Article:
With all of the attention on flooding rivers in Alberta, some people might be wondering where it all goes when it gets to Saskatchewan.
To answer that question Patrick Boyle with the Water Security Agency offered up a quick geography lesson on how the rivers flow through the province from the west. He says it all starts in the southwest by the border with the Saskatchewan River.
“The Red Deer River, the Bow River and the Oldman River in Alberta feed into that,” Boyle explained.
As flood waters flow from Alberta into Saskatchewan, donations to help the flood-ravaged residents of several Alberta communities are flowing back.
A convoy of trucks, trailers and a motor home left from the Cree Land Mini-Mart in Regina Wednesday morning headed for the Siksika First Nation.
"I come from a reserve about one hour south of there called the Blood Reserve, so we have a close relationship with them," said Beatle Soop, the man who initiated the donation collection at the mini-mart.
The president of the Calgary Stampede said the 2013 edition of the Greatest Outdoor Show on Earth will go on ‘come hell or high water’ despite the grounds where the event is held being damaged by flood waters.
The 10-day event draws over a million guests each year, with a number coming from Saskatchewan.
Prince Albert’s Brennin Jack has gone to the event the last number of years and is going again this year to compete in the international auctioneering championship—an event he won in 2012.
While water levels along the South Saskatchewan River remained roughly the same on Tuesday, the Water Security Agency (WSA) warns that the North Saskatchewan River may swell more than originally expected.
The cities of North Battleford and Prince Albert have been put on alert as flows continue to come in from Alberta.
Saskatchewan is sending help out to flood-ravaged Alberta.
On Thursday, six employees of the Provincial Disaster Assistance Program (PDAP) will be heading to Calgary announced Government Relations Minister Jim Reiter.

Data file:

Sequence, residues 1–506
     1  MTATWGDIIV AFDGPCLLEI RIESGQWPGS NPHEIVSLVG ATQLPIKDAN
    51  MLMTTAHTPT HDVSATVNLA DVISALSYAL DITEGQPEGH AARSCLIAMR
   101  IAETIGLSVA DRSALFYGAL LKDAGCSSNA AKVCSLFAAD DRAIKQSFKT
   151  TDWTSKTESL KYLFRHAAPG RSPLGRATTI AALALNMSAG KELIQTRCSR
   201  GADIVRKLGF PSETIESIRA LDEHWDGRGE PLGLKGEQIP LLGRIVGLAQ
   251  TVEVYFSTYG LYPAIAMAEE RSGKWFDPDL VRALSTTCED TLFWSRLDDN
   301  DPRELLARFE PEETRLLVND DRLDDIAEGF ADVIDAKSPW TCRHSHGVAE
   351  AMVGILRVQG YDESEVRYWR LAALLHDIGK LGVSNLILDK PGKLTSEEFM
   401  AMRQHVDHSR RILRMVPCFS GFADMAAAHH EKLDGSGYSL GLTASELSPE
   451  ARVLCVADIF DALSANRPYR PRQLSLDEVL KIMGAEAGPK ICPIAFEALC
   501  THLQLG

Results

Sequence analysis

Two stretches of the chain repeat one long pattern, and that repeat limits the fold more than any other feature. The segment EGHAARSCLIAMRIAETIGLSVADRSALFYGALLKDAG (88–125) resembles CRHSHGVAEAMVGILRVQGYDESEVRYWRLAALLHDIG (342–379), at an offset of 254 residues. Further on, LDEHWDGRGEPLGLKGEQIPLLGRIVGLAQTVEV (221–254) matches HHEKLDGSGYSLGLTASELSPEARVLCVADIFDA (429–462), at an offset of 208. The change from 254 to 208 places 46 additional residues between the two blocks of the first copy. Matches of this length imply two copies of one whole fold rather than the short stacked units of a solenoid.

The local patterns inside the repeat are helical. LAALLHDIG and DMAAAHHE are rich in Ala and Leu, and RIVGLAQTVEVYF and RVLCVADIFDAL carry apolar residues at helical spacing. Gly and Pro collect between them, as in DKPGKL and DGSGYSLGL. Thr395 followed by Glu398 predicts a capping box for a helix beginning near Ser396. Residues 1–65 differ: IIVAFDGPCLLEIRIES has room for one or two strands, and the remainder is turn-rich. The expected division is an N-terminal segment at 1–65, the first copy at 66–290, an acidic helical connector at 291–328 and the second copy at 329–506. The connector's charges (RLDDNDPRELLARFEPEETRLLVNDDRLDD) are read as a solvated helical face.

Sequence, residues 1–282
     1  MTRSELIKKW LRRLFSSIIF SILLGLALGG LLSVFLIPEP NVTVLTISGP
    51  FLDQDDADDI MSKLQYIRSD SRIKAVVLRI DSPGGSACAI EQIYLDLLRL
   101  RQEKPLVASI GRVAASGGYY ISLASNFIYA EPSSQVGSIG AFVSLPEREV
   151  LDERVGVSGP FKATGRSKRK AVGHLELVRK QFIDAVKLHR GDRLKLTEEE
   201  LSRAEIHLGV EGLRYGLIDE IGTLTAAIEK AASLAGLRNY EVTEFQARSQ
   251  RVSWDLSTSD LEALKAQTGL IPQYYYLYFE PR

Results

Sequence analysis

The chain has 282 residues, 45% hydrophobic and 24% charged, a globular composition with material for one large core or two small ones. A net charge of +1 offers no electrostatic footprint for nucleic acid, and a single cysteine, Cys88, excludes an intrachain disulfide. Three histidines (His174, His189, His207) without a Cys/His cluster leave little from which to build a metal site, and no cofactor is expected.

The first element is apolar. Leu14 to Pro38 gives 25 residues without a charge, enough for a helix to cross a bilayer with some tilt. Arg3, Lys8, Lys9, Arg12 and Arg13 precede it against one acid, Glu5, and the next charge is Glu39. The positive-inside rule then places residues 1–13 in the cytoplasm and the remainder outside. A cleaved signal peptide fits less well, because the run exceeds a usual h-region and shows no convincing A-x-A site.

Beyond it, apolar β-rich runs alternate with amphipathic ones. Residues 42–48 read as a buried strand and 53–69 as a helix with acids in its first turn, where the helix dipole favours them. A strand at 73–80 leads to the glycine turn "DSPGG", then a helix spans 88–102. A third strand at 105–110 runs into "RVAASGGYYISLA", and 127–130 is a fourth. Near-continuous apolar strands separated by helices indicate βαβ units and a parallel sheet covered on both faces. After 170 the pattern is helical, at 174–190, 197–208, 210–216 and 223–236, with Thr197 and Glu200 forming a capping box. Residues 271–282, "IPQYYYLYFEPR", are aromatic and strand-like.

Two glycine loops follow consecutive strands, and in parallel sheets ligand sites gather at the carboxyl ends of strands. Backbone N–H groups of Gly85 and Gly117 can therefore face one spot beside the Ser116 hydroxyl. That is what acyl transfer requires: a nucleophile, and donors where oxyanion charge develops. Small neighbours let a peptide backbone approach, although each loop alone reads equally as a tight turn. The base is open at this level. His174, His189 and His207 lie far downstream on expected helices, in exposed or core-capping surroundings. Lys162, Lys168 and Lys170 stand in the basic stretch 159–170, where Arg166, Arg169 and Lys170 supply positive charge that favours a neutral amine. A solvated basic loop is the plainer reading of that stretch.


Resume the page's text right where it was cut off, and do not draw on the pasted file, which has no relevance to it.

“I think it’s important that we help our neighbours,” said Reiter.
The half dozen will be on the ground working to help people fill out forms and file claims as the result of their flood damaged homes and businesses.
“Our people do a good job at PDAP. Alberta recognizes that plus Alberta is just devastated right now."
Not everyone tried to keep themselves dry when the evacuation orders came down in Alberta last week.
Some people like Jeff Kaiman from High River stuck around to try and save his family's home. He says he took a ride to the downtown area the other day.
"It's unbelievable," he admitted.
"There’s boats that have washed clean across a main road and pushed themselves into a house, after the berm itself broke down from water rushing."
Now that the evacuation is complete, emergency responders are focusing on protecting Cumberland House infrastructure.
A team of about 85 people have stayed behind to create berms, lay sandbags and deploy other flood mitigation equipment, hoping to save at least some of the now empty homes, businesses and community buildings.
There are approximately 300 structures that will be threatened by flooding said incident commander Raymond Dussion.
Don't let fears of flooding keep you from a weekend camping trip - that's the message from Sask Parks as the Canada Day long weekend approaches.
Even though inflows into Lake Diefenbaker are the highest they've ever been and outflows of 2000 cubic meters per second are causing record-high levels on the South Saskatchewan River, provincial parks in those areas are expected to remain mostly unaffected .
A massive cleanup is underway in Calgary. Much of the city is a muddy, waterlogged mess, but three-time Olympic gold medalist Hayley Wickenheiser says spirits remain high.
"There's hundreds... thousands of people walking up and down the streets just covered in mud with their boots just trying to help out wherever they can."